Ij reportika Logo

Justice for Myanmar: Vietnamese telco helps junta track deserters

Viettel has been helping Myanmar’s junta track civilians and military deserters, according to Justice for Myanmar (JFM), which called for immediate sanctions against Viettel Global Investment (VGI), a unit of Vietnam’s largest mobile carrier.

Viettel is owned by Vietnam’s defense ministry and VGI holds a stake in Telecom International Myanmar, which runs mobile company Mytel.

“Mytel … is a key pillar in the Myanmar military’s business network, providing revenue, technology and surveillance capabilities,” JFM said in a news release.

The activist group said leaked documents show Mytel has been working with military commanders to offer customized phone numbers to personnel that include their ID number.

Over four years Mytel has given hundreds of thousands of free SIM cards to military personnel, as well as civil servants and members of the former National League for Democracy government, enabling the military to monitor them, Justice for Myanmar said.

“Mytel is a product of the Myanmar military’s systemic corruption, supporting war criminals including Min Aung Hlaing and the illegal military junta that he is heading, with revenue, technology and intelligence,” Justice for Myanmar spokesperson Yadanar Maung told RFA by email.

Analysis shows that Myanmar’s military is set to earn more than U.S.$700 million from Mytel over 10 years, using the profits to fund continued war crimes and crimes against humanity, the report said. 

The spokesperson said the Vietnamese military also stands to benefit from its stake in Mytel’s parent company through access to data military infrastructure, including bases for mobile phone towers and the Myanmar military’s fiber optic cable network.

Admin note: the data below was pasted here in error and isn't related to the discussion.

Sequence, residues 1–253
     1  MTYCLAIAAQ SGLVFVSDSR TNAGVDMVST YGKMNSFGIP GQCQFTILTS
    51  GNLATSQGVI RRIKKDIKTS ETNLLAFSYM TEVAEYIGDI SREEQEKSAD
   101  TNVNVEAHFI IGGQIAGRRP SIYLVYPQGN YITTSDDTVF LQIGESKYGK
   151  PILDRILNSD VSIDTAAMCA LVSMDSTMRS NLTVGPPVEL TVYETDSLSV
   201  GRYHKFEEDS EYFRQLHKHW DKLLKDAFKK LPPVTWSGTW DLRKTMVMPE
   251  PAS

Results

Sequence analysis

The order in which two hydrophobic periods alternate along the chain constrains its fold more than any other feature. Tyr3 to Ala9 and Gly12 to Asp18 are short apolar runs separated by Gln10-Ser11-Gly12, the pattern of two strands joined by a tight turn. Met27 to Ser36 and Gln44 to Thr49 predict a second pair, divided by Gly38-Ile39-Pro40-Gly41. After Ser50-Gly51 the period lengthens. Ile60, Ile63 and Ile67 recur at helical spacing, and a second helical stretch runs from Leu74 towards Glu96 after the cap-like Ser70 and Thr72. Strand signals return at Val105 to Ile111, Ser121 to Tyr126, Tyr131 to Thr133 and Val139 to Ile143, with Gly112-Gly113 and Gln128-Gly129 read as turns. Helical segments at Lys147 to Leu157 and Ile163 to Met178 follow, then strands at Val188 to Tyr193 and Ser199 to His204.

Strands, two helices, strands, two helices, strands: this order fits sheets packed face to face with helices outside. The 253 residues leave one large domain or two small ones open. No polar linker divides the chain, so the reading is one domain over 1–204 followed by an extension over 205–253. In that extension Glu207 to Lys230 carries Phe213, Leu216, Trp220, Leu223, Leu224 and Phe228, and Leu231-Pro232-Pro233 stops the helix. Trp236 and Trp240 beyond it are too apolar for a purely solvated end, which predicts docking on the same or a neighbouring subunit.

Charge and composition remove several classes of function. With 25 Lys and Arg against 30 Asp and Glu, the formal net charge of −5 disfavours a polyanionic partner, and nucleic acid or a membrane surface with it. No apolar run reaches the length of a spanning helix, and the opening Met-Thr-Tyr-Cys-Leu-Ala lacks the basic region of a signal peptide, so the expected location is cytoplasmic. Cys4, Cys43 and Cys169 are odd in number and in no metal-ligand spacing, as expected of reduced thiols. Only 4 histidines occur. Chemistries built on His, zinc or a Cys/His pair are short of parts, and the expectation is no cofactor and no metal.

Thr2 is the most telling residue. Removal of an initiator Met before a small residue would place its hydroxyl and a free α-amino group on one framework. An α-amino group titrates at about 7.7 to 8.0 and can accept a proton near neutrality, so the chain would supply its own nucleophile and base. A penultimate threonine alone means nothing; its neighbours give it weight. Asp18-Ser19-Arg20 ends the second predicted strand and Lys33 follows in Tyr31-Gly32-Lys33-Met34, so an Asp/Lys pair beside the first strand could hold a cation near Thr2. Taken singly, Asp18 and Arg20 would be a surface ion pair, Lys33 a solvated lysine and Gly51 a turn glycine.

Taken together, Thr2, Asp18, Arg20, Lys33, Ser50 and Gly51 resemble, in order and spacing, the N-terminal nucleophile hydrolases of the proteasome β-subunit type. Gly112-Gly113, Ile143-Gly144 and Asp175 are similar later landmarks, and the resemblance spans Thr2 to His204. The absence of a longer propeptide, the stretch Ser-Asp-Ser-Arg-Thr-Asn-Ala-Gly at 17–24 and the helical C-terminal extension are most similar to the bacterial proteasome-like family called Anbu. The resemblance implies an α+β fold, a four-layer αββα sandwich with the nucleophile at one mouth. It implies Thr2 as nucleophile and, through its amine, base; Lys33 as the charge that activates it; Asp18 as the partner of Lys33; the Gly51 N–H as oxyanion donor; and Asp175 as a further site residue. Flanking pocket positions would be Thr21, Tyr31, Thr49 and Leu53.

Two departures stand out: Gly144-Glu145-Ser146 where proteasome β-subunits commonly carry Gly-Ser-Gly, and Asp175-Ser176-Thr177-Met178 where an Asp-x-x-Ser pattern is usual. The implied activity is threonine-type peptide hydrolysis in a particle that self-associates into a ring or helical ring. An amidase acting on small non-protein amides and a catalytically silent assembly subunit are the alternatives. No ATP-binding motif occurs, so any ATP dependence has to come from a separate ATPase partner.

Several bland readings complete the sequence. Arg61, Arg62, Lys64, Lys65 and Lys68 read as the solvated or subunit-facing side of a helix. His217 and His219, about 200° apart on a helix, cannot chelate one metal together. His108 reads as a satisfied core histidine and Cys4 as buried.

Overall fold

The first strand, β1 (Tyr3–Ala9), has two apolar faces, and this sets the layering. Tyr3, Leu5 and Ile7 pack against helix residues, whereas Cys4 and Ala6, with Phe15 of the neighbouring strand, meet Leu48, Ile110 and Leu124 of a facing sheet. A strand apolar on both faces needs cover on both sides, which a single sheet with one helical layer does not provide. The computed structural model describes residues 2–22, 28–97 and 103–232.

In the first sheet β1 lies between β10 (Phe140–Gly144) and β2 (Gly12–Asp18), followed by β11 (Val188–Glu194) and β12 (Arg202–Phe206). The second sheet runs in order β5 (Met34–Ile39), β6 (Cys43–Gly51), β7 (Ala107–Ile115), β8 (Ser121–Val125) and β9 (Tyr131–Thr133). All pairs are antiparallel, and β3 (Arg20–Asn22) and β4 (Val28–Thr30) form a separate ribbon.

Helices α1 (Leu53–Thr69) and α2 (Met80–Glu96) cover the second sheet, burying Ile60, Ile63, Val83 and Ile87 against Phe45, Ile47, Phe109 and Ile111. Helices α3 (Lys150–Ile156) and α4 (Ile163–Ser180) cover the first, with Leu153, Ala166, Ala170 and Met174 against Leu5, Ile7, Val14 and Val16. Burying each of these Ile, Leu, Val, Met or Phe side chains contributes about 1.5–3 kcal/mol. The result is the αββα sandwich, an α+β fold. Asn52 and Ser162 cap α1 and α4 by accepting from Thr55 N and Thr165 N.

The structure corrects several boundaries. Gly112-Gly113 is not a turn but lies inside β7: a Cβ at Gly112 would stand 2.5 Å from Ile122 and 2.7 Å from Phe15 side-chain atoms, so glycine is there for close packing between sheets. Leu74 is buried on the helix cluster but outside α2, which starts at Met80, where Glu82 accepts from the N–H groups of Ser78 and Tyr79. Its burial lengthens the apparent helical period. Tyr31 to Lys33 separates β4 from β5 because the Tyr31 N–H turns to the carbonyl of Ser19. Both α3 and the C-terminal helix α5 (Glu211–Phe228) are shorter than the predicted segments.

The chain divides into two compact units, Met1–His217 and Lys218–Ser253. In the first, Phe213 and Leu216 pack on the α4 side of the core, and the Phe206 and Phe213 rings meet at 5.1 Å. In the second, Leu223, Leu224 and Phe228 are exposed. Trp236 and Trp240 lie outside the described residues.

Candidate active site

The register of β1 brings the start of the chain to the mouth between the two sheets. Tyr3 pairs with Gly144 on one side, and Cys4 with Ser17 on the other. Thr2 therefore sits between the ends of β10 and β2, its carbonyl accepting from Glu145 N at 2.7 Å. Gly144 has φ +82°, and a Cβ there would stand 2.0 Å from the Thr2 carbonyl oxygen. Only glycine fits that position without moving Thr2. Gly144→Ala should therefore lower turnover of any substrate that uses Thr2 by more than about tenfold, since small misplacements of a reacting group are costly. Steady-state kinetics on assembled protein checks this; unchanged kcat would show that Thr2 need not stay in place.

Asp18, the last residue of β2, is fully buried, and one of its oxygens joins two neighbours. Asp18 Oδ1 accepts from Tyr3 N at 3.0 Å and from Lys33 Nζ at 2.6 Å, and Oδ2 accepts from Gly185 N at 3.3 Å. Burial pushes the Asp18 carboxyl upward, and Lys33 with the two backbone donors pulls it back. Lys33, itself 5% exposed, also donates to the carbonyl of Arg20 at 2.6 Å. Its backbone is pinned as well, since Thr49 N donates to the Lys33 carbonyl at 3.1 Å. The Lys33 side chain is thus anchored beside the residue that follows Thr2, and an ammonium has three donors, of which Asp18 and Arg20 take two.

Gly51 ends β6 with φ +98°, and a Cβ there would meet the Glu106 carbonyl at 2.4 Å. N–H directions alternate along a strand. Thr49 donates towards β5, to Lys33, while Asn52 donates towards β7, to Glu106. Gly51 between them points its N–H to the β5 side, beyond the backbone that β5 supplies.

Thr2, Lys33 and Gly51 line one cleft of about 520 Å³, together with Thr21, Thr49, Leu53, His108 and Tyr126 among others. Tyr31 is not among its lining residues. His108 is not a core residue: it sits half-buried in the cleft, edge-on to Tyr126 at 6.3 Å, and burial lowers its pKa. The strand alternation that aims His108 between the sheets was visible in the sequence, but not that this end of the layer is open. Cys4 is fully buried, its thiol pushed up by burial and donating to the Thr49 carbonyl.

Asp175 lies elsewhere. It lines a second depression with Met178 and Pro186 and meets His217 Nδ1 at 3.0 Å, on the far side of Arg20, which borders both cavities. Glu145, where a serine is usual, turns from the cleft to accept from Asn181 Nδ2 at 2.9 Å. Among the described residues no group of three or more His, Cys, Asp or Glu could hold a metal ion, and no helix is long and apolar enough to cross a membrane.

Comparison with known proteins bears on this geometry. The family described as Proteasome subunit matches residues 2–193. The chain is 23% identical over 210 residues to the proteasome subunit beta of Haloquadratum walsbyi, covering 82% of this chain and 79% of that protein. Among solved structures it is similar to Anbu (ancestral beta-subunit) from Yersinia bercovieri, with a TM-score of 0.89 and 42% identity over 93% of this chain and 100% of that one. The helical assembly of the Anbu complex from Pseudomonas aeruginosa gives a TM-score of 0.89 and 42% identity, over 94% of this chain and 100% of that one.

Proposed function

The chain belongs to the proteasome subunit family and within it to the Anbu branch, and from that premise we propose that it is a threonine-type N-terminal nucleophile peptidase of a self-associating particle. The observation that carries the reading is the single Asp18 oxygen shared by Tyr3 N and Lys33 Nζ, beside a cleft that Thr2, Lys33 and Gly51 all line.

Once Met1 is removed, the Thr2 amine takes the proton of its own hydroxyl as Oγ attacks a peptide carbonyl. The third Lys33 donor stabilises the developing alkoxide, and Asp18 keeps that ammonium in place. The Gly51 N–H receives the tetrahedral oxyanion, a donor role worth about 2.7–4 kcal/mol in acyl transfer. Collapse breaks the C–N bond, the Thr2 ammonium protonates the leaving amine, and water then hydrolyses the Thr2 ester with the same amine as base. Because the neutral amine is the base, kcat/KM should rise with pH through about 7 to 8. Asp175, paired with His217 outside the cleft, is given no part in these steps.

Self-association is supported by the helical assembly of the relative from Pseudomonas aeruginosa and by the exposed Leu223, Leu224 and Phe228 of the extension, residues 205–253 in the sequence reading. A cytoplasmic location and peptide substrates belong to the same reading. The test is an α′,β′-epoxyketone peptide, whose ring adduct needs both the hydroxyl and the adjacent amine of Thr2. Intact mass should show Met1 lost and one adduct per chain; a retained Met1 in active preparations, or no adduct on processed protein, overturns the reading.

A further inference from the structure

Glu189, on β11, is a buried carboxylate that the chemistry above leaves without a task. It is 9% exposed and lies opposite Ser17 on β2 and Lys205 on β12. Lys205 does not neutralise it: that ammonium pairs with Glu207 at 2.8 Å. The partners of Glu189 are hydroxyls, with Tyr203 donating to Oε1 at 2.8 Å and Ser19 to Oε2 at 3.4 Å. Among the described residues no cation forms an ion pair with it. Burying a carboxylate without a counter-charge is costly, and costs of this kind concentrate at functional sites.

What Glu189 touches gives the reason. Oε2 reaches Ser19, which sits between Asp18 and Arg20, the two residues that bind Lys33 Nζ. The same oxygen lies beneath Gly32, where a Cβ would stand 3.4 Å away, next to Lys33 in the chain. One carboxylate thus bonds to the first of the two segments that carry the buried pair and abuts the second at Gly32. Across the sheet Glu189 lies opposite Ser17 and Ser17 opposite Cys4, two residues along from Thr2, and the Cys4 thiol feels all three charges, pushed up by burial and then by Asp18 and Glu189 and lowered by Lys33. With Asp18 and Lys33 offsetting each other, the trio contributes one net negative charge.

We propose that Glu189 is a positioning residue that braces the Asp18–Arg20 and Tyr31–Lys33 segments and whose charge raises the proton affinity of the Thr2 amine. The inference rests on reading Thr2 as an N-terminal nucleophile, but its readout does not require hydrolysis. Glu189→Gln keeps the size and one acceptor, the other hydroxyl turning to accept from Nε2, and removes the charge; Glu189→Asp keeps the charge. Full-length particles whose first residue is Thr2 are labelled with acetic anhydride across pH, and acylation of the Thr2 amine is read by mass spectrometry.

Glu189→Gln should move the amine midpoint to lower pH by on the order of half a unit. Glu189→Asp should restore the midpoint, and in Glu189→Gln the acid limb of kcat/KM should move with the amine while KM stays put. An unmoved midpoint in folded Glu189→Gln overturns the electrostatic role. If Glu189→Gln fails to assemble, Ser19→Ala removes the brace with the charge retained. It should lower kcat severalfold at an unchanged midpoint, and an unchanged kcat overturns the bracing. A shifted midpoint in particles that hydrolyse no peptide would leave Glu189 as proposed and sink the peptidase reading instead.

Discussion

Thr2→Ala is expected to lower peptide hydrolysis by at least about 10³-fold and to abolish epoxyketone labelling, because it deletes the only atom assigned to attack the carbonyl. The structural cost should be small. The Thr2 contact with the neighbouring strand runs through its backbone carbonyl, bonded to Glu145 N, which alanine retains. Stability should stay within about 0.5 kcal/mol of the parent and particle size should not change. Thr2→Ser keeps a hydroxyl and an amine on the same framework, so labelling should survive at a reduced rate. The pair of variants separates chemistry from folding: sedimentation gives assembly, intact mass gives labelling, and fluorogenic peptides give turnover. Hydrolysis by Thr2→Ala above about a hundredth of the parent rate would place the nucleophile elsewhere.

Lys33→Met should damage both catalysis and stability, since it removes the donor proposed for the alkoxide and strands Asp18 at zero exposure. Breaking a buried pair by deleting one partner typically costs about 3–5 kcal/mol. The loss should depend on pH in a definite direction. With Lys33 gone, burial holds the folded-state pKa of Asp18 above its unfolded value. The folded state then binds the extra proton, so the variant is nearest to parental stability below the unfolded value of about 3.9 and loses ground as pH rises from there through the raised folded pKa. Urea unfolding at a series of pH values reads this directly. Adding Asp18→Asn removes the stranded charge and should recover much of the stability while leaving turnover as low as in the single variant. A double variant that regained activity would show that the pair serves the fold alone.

“In seeking profits, military generals have handed the Vietnam Ministry of National Defence unprecedented access to military secrets, including personnel data and access to military bases. This is data that was not even available to the previous National League for Democracy-led government or the parliament that the military has attempted to dispose of. It includes the names, ranks and ID of personnel at a national level, organized by military base, and the personal call data of the majority of Myanmar military personnel,” Maung said.

“While Vietnam is an ally of Myanmar’s militaristic regime, Viettel and the Ministry of National Defense of Vietnam can use and misuse this data if desired, even in their own national interest,” Yadanar Maung said.

Justice for Myanmar called for immediate targeted sanctions against Mytel owner Telecom International Myanmar as well as Viettel Global Investment. It also called for an immediate boycott of Mytel to stop money flowing into the pockets of the military.

RFA emailed Viettel to ask for their comments on the report but did not immediately receive a response.

Following the military coup in February last year, many soldiers and police defected to join the civil disobedience campaign. JFM claimed they were still being monitored by military authorities with the help of Mytel’s sim cards.

JFM said Mytel’s profits should not be used by Myanmar’s military to buy weapons and equipment to target the opposition but should be used to serve the interests of the people.

In December 2020, Justice for Myanmar released documents it said showed that Viettel was supporting the modernization of Myanmar’s military through technology transfers and training, to improve the technical capacity of the military. 

Therefore, “Viettel and the Ministry of National Defense of Vietnam are contributing to military operations in ethnic Myanmar areas and supporting and abetting war crimes and crimes against humanity,” JFM said.

More than 1,900 people including children have been killed by the military, and more than 11,000 people have been detained and tortured, JFM said, citing the Myanmar Association for the Support of Political Prisoners.